The applicant complains of a violation of Articles 3 and 6 of the Convention and Article 4 of protocol no. 4 to the Convention. As regards Article 3, he refers to the fact that he has refused to join the Federal Yugoslav army and to his political activities. He maintains that he risks up to 10 years imprisonment, torture, harassment and that he will be forced to do military service if he is expelled to Kosove. Furthermore, he submits that he has now married the Swedish woman and that they are expecting a child. Regarding Article 6 the applicant complains that his application for asylum cannot be examined by the administrative courts. Finally, regarding Article 4 of Protocol no. 4, the applicant complains that he is being expelled to Kosovo by Sweden in execution of a policy of expelling all asylum seekers and deserters from former Yugoslavia. He alleges that he is subjected to a collective expulsion and that the Swedish authorities' rejection of his application for asylum is a standard-form decision which has been given the appearance of an individual decision.


1. The applicant complains that, if returned to Kosovo, he risks being subjected to treatment contrary to Article 3 of the Convention which reads as follows:

"No one shall be subjected to torture or to inhuman or degrading treatment or punishment."

The Commission recalls that Contracting States have the right to control the entry, residence and expulsion of aliens. The right to political asylum is not protected in either the Convention or its Protocols (Eur, Court H. R., Vilvarajah and Others judgment of 30 October 1991, Series A no. 215, p. 34, para. 102). However, expulsion by a Contracting State of an asylum seeker may giver rise to an issue under Article 3 of the Convention, where substantial grounds have been shown for believing that the person concerned would face a real risk of being subjected to torture or inhuman or degrading treatment or punishment in the country to which he is to be expelled (ibid., p. 34, para. 103). A mere possibility of ill-treatment is not in itself sufficient (ibid., p. 37, para. 111).

Before the Commission the applicant submits that upon return to Kosovo he risks torture, harassment, long-term imprisonment or to be sent to the front due to his refusal to follow the draft order and due to his political activities. To expel him would, therefore, constitute a breach of Article 3. Furthermore, he submits that he has allegedly married a Swedish woman which also renders the expulsion impossible.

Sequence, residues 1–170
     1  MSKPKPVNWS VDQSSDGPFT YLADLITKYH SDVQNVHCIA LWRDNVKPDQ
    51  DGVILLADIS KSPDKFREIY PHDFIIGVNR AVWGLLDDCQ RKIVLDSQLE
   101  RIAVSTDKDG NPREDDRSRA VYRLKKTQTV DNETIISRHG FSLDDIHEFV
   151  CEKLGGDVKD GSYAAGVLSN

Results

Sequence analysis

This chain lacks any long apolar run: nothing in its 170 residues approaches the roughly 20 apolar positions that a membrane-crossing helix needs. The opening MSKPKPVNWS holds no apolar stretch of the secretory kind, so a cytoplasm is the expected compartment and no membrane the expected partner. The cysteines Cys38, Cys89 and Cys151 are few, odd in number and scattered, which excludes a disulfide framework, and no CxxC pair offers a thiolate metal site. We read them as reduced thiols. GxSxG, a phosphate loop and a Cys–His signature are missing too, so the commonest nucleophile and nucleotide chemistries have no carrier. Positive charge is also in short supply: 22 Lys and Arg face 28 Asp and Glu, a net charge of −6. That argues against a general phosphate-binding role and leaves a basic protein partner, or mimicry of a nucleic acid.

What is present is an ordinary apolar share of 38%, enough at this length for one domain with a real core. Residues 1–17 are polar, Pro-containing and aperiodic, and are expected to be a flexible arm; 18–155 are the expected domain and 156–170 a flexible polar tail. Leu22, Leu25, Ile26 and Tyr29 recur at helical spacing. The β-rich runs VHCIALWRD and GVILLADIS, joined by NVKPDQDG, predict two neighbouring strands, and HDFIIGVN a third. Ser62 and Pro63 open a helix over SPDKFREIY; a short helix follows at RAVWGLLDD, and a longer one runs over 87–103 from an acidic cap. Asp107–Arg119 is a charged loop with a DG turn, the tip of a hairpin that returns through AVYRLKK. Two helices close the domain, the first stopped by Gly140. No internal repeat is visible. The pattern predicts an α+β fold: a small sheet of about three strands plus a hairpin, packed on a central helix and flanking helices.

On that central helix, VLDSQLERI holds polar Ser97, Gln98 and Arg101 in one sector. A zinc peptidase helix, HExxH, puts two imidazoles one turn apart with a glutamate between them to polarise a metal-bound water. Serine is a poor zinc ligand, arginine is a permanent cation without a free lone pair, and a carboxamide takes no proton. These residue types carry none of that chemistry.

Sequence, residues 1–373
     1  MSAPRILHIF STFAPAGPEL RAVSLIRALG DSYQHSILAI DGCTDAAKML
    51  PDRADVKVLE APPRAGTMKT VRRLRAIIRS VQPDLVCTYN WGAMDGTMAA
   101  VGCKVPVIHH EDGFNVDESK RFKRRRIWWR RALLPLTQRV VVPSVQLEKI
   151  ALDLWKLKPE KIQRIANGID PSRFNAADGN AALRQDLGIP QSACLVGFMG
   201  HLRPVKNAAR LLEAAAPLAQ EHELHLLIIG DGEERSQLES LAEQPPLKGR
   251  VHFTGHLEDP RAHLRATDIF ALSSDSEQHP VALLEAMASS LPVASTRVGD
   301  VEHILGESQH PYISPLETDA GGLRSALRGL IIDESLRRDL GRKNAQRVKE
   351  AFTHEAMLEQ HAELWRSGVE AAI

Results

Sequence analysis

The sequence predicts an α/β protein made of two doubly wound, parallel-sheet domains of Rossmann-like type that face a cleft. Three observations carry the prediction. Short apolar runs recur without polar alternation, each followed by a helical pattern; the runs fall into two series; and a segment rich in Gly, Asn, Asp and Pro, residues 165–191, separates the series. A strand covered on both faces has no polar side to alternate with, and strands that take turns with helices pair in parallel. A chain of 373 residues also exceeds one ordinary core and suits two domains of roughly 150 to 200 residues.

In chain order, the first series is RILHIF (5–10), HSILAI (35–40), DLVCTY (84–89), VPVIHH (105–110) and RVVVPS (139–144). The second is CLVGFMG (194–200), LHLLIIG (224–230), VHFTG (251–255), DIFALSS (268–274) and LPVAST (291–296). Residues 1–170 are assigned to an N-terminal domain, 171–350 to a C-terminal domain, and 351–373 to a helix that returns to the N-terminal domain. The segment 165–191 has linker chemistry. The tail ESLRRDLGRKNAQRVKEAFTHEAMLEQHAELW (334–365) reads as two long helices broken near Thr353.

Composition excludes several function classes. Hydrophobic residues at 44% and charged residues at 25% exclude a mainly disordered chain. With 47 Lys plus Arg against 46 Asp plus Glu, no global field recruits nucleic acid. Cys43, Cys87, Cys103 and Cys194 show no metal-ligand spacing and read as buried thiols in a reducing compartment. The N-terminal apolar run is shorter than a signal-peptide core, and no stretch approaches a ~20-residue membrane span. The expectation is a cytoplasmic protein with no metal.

The Commission recalls that in order to raise an issue under the provision invoked there should be a specific risk of treatment contrary to Article 3 of the Convention. In the present case, as submitted by the applicant, the Commission finds no substantiation as regards the allegations of torture and persecution or harassment of the applicant upon his return to Kosovo. Furthermore, the Commission finds that even assuming that the applicant would risk imprisonment for desertion, this possible punishment is not of such a kind as to raise an issue under Article 3. The applicant has failed to submit evidence which could lead the Commission to a different conclusion in the present case.

In view of the above, the Commission finds no substantiation of the applicant's claim that he would be exposed to a real risk of being subjected to treatment contrary to Article 3 of the Convention on his return to Kosovo. As to the argument concerning the marriage, the Commission considers that it does not raise an issue under Article 3 of the Convention. (cf. No. 12364/86, Dec. 17. 10. 86, D. R. 50 p. 280; No. 11017/84, Dec. 13.3.86, D. R. 46 p. 176 and No. 21576/93, Dec. 10. 9. 93; No. 22325/93, Dec. 8. 9. 93; No. 22508/93, Dec. 21. 10. 93; No. 22509/93, Dec. 21. 10. 93 and No. 23521/94, Dec. 5. 7. 94, unpublished).

Moreover, the Commission recalls from its case-law mentioned above that Chapter 8, section 1, of the Aliens Act imposes and absolute obligation on the enforcement authorities in Sweden to refrain from expelling an alien should the human rights situation in the receiving country constitute a firm reason to believe that he or she would be in danger of being subjected to capital or corporal punishment, or torture, in that country.

It follows that this part of the application must be rejected as being manifestly ill-founded within the meaning of Article 27 para. 2 of the Convention.

2. The applicant complains that his application for asylum cannot be examined by the administrative courts. He invokes Article 6 of the Convention which reads, as far as relevant, as follows: